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UNLV Claims Rec Center Fails To Meet Seismic Code

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The University of Nevada, Las Vegas, claims that a three-year-old student recreation facility at its main campus fails to meet some seismic requirements under the 2002 Uniform Building Code. The structure remains open, but a warning notice is posted.

Investigator alleges differences between flexible and rigid components cause problems.
Photo: Luetta Callaway
Investigator alleges differences between flexible and rigid components cause problems.
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Designed by the Phoenix office of DMJM Design, a unit of AECOM, with St. Louis-based Hastings+Chivetta Architects Inc., the building is likely to end up in court. Bennett & Jimenez Inc., Las Vegas, which has since shut down, was the structural engineer. Phoenix-based Kitchell Contractors was the construction manager at-risk under a $43.9-million guaranteed-maximum-price contract.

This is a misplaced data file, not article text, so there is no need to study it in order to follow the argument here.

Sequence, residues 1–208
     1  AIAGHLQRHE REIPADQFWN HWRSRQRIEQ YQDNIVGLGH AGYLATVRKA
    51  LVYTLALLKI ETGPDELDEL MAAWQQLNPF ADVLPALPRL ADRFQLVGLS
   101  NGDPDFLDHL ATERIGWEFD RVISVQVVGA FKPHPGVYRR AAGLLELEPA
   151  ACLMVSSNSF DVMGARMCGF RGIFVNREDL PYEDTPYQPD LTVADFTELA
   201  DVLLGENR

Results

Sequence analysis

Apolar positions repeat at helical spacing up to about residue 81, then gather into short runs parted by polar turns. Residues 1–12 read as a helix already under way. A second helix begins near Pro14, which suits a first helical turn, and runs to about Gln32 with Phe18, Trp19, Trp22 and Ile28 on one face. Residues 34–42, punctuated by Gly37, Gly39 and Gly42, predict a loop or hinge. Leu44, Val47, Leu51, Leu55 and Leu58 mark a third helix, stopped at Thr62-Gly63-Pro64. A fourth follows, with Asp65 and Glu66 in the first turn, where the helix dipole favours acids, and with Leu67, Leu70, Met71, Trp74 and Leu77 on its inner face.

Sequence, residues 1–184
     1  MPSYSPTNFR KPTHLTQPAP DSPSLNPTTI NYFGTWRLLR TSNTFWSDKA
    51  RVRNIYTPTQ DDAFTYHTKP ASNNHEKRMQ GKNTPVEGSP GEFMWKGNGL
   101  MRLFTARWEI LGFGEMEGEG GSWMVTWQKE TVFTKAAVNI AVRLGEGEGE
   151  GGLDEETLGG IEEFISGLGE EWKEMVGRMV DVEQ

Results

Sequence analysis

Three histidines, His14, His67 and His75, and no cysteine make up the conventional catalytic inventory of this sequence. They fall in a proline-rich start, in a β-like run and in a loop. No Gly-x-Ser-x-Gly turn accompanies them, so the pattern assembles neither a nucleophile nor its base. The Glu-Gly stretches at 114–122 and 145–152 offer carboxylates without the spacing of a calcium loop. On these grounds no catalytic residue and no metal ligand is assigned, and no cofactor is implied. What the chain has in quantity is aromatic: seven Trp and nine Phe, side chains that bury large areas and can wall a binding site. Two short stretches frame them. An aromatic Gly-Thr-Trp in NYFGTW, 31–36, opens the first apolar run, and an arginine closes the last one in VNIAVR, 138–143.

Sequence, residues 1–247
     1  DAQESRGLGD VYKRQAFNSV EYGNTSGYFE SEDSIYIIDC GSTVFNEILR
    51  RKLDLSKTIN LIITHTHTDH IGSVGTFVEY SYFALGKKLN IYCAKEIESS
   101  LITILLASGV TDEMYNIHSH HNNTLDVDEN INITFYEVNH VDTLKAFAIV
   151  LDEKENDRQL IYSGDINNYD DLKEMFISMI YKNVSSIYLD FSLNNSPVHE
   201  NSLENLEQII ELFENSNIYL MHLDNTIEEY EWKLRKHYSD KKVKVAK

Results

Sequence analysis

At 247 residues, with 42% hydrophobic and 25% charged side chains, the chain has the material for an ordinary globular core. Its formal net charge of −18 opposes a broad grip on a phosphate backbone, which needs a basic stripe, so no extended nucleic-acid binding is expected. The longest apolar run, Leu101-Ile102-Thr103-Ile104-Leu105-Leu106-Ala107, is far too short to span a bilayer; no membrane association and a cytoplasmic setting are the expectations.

The 70-ft-tall, steel-moment framed structure has an aluminum-framed glass curtain wall, 10-ft roof cantilever overhangs, 100-ft clear spans and bow-tie roof trusses. It’s sheathed in a combination of block, glass, precast and metal panels.

Roof leaks and cracked and buckling floor tiles have also been a problem. The university has since solicited request-for-proposals for building design and repair costs, which will be included as part of the seismic repair’s scope of work.

On Feb. 8, Kitchell and UNLV signed a binding arbitration agreement over cost overruns related to re-manufacturing new structural steel, among other things. Kitchell had sought $9 million; it got $2.7 million.

In 2008, the university hired structural engineer Filip C. Filippou, and he produced a report. “Because of the choice of a flexible structural system for resisting lateral forces, the displacements are relatively large,” says Filippou. He blames the “incompatibility” between the flexible and rigid structural components for the problem.

“We feel…we were the victim of severe professional malpractice” by the design team, says Richard Linstrom, vice president and counsel for UNLV.

AECOM says it’s trying to solve the problem. “We have on multiple occasions offered our assistance to UNLV in resolving the issues they have faced on this project, and we remain willing to assist,” says AECOM’s spokesman in an e-mail statement. “However, we do not agree with all of UNLV’s assertions.”

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